Tempered Martensite Embrittlement
Tempered martensite embrittlement is also known as TME. The root causes of TME are the topic of ongoing research. This phenomenon will occur in low-alloy/medium-carbon steels and will occur at tempering temperatures from 500°F up to 700°F.
It is also known as “500°F embrittlement,” and it will occur when cooling the tempered steel. The condition of TME will usually occur within the first hour or so after tempering within the 500-700°F range followed by cooling from that range. The interesting thing about TME is that it occurs fairly quickly after tempering; whereas the TE (Temper Embrittlement) can occur many hours after the cooldown from the tempering temperature.
It would seem that low-alloy steels with a high phosphorous content will be more susceptible to the embrittlement than those with a low phosphorous content. Once again, it is pointing to the simple step on receipt of the steel for heat treatment. Check the test certificate before heat treating the steel.
Temper embrittlement is a much more difficult condition to observe, simply because it is progressive after the tempering process. There will be a progressive decrease in the impact strength over time. So the metallurgical characteristics will be changing over time.
It is recommended again that the test certificate should be studied for the impurities present in the steel, such as phosphorous, antimony, tin and arsenic.
Very small amounts of these elements/impurities have caused TE at concentrations less than 0.01%. Additionally, silicon in combination with high manganese contents can contribute to TE.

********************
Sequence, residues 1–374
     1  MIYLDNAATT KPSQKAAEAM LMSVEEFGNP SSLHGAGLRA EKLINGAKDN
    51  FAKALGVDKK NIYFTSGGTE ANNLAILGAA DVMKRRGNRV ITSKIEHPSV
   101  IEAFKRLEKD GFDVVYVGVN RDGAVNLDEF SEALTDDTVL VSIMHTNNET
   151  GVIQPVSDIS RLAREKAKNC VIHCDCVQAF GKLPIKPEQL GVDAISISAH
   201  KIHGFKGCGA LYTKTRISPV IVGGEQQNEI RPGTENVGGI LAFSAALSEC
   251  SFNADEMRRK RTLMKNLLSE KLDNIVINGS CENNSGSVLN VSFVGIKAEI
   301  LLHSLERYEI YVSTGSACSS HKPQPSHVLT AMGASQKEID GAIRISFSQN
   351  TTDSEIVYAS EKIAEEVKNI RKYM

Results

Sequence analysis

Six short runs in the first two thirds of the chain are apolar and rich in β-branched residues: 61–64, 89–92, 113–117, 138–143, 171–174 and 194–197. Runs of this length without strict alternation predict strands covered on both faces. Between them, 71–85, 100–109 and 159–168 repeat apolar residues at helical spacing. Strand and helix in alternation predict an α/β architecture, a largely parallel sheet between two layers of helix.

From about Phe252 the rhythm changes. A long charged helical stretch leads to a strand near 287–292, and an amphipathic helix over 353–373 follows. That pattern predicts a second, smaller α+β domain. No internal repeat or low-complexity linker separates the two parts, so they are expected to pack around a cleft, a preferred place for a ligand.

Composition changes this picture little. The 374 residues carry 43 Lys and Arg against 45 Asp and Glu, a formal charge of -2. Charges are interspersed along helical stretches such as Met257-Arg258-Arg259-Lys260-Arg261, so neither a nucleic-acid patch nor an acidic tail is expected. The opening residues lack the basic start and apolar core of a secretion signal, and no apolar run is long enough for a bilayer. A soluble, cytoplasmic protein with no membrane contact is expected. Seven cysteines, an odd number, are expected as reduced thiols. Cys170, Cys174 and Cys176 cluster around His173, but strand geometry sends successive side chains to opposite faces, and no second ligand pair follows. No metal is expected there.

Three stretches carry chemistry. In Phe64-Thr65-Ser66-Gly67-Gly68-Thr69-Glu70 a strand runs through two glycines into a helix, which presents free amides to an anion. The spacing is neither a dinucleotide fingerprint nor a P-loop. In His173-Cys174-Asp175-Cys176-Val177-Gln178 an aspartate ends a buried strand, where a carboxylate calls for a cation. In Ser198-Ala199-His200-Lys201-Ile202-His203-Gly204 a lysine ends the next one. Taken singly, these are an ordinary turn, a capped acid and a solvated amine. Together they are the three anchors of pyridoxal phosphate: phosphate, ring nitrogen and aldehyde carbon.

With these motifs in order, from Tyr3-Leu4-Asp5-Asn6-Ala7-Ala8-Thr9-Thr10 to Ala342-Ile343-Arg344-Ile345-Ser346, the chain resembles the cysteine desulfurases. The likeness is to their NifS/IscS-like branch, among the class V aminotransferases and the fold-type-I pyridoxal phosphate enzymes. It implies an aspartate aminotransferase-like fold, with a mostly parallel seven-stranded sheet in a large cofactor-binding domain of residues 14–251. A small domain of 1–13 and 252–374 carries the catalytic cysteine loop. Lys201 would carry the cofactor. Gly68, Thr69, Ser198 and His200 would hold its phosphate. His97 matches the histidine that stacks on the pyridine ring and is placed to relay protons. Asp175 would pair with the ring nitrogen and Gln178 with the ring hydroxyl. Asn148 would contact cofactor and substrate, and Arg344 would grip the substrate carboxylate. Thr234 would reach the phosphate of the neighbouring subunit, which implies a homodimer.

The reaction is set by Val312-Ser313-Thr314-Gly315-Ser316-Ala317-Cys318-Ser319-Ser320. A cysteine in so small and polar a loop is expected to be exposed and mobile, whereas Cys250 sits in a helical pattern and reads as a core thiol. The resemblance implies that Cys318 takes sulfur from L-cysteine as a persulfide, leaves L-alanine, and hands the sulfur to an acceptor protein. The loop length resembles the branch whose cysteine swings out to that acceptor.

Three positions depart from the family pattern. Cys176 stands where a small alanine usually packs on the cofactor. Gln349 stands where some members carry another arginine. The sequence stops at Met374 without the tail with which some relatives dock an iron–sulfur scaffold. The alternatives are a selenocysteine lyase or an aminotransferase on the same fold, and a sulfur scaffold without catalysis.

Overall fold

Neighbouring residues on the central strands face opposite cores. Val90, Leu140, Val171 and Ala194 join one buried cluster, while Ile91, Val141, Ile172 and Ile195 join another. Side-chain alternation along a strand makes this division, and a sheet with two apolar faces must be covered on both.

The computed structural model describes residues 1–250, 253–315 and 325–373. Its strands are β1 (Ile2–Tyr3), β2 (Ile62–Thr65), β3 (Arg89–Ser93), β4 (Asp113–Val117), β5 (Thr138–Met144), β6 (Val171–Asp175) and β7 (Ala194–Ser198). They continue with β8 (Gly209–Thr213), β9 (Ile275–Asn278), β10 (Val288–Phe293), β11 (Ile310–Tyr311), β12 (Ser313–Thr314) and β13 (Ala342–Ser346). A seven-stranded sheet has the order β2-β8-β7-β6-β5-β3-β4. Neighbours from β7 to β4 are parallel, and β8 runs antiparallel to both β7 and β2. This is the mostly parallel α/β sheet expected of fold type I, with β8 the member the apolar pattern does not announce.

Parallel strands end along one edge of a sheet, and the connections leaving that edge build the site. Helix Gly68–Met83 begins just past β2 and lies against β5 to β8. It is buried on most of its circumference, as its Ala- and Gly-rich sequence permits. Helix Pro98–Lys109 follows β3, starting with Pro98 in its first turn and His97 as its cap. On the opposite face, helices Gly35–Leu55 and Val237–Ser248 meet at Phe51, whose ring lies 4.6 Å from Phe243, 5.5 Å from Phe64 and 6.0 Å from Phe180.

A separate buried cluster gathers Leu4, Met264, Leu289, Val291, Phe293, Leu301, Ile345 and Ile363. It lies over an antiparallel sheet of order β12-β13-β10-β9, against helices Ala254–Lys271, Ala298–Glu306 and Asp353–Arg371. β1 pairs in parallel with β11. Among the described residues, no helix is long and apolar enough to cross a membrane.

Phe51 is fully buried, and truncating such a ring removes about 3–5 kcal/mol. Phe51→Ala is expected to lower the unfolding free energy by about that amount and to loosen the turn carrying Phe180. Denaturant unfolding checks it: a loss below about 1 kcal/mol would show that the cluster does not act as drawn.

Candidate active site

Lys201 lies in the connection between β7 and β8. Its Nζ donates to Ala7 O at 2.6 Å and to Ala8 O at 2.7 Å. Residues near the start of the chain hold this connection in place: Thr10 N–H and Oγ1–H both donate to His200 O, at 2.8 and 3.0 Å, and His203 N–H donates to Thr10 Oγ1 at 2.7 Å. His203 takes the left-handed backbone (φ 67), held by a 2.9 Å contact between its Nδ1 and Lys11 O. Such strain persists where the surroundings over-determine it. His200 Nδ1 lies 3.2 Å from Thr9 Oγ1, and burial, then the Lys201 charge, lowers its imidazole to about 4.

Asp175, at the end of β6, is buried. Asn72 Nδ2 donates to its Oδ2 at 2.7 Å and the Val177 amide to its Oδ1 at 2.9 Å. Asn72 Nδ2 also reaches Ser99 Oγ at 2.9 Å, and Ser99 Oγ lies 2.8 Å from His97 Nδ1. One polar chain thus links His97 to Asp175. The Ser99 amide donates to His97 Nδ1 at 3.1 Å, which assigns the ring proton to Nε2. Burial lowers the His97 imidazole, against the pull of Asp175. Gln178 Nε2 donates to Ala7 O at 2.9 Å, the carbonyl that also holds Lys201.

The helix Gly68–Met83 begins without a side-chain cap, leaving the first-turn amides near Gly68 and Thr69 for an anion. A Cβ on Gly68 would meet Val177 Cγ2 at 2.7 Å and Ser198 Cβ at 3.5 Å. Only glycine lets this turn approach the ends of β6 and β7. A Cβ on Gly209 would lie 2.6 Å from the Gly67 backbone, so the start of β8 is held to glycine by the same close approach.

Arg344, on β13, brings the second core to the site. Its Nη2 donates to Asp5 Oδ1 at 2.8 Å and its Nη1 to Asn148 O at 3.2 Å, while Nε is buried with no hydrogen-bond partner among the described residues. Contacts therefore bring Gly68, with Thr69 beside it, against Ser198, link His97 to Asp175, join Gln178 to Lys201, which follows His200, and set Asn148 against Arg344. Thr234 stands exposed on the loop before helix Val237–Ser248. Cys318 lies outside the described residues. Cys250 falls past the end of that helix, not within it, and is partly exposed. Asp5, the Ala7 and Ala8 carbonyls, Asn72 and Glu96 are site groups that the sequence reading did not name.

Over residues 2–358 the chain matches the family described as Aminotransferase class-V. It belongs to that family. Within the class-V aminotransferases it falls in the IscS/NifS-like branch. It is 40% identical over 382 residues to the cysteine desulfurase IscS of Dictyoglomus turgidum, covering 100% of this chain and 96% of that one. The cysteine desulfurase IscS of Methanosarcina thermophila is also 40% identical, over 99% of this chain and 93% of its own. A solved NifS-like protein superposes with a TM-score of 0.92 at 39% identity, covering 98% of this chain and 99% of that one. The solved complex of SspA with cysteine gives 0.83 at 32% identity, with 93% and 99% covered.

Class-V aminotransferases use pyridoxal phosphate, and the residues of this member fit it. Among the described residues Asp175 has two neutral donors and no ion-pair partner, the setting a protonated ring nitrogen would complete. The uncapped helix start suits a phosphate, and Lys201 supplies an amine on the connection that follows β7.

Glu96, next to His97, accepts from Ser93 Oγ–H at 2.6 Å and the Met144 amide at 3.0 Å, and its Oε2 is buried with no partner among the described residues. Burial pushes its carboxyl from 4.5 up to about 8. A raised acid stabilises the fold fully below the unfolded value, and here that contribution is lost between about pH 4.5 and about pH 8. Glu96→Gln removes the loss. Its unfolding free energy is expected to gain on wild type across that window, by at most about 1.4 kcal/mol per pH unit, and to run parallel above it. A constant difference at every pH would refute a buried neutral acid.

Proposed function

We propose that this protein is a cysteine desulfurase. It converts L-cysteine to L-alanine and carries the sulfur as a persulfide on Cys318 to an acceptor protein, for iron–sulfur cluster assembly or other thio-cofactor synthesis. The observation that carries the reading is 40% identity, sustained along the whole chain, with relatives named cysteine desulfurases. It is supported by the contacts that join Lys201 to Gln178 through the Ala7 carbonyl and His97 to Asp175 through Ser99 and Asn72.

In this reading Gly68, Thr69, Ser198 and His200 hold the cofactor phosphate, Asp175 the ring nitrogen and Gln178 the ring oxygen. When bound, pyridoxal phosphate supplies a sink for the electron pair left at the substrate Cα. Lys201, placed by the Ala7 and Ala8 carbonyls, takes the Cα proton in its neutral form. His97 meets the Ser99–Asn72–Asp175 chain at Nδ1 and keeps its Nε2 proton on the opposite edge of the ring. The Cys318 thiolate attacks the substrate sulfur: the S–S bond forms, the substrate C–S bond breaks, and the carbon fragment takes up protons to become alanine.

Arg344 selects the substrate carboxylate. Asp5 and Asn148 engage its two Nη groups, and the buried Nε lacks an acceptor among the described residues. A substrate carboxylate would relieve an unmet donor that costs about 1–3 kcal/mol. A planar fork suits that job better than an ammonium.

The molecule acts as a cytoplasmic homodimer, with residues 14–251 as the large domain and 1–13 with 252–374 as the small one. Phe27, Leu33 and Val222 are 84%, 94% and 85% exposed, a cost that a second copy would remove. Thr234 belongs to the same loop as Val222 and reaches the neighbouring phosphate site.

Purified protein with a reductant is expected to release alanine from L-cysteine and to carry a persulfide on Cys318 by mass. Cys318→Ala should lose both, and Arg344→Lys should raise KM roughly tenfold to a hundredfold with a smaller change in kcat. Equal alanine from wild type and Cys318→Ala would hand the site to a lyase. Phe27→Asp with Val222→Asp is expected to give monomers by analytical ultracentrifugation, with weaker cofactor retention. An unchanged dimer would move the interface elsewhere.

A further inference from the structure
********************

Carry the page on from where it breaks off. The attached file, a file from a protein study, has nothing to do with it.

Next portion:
Blue brittleness is generally caused by tempering some of the steels (usually the plain-carbon steels) in the “blue” temperature range, followed by slow cooling. The occurrence of these phenomena will increase as the carbon content increases. The temperature range that blue brittleness is likely to occur at is in the range of 400-800°F. The actual temperature for any particular steel will vary. It will, however, still be within a temperature range of 400-800°F.
It should be understood that the aforementioned embrittlement phases will occur to certain steels and in particular to the plain-carbon/low-alloy steels. The recommendation is to try to not temper within the temperature ranges given, thus avoiding the potential for a problem.
If this is not possible, then one should not let the tempered steel cool down slowly. The tempered steel can be successfully cooled down in a moving air stream or cooled in oil followed by a wash.
Tempering and Brittle Phases (part 2)
By David Pye
David Pye is the owner and operator of Pye Metallurgical International Consulting, Saint Anne's on Sea, Lancashire, U.K. He has 25 years of practical experience in captive and commercial heat treatment, metallurgical laboratory operation and industrial furnace sales. He also has teaching experience on a very wide range of heat-treatment and metallurgical subjects.
He can be reached at email@example.com.
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